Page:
The 2010 Nobel Prize-winning, carbon-based material known as graphene will likely play a large role in our future, yet very few people outside the scientific community have heard of it.
Graphene is a two-dimensional layer of carbon that conducts electricity better than copper; it is the thinnest material on the planet but 200 times stronger than steel, while also highly flexible and completely transparent to the human eye. Innovators will gather in Nashville to share ideas and challenges related to the emerging technology for the first-ever
Graphene Innovation Summit & Expo Oct. 29-31, hosted by the National Graphene Association (NGA).
The National Graphene Association is focused on creating a forum for stakeholders to drive innovation and facilitate adoption of graphene in the United States and around the world,” said Dr. Zina Jarrahi Cinker, Vanderbilt University physicist and NGA executive director. “One of our biggest challenges today is a lack of graphene industry standards, and we will collaborate with the International Organization for Standardization (ISO) in developing those standards. Our objective is to help streamline the advancement of graphene applications in everyday products.”
Several organizations will be highlighting their innovations at the Summit, which will feature two days of plenary talks, panel discussions, graphene product and idea showcases, investor pitches and interaction with exhibitors. NGA’s CEO, Kevin J. Seddon, expects the event to attract a host of stakeholders, including leaders in research and development as well as finance, government and education, among others.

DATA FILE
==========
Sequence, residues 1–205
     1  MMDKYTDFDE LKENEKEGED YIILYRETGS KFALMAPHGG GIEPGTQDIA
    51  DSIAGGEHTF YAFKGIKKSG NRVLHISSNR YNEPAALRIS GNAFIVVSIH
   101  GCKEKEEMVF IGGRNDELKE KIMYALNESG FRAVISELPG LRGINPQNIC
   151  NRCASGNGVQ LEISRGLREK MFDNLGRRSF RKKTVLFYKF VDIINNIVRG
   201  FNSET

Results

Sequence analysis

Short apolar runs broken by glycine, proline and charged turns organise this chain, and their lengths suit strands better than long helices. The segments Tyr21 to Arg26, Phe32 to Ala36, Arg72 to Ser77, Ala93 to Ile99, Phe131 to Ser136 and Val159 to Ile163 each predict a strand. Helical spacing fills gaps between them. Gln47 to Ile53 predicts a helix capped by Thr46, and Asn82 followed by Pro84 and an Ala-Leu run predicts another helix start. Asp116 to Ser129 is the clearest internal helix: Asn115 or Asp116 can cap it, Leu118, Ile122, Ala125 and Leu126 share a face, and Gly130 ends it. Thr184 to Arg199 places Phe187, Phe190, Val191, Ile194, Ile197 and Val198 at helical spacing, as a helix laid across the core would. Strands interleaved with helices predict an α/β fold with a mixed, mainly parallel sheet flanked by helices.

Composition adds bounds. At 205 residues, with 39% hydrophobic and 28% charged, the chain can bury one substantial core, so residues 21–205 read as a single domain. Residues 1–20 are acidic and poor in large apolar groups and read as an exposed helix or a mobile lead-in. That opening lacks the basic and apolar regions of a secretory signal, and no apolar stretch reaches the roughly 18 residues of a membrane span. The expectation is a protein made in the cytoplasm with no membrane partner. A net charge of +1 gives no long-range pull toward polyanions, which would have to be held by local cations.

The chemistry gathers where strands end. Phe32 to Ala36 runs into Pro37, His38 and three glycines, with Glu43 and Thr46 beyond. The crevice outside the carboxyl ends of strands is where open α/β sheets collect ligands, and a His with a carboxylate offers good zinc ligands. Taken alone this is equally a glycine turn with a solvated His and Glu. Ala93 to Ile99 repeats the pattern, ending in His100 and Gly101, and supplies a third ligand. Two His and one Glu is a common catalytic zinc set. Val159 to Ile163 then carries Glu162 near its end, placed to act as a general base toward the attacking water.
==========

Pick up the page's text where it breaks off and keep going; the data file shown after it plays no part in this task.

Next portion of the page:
In a review of the material published in 2002, the peer-reviewed publication Nature said “the one-atom thick fabric uniquely combines extreme mechanical strength, exceptionally high electronic and thermal conductivities, impermeability to gases as well as many other supreme properties, all of which make it highly attractive for numerous applications.”
Graphene will eventually find its way into almost every field and will affect many facets of human life, including energy storage, electronics, smart textiles, sensors, medical devices, bio interfaces, water purification, composites and many more. Graphene could bring advanced coatings that don’t corrode, mobile device screens that become flexible and shatterproof, or lithium ion batteries with greater longevity.
Kevin J. Seddon - CEO, NGA
Tens of thousands of graphene patents have already been awarded to companies including Samsung and IBM. Companies today are using graphene in products ranging from car bodies and safety equipment in auto racing to bio sensors and thermo-regulating garments in the health and fitness sector.
For more information on the National Graphene Association or to register for the event, please visit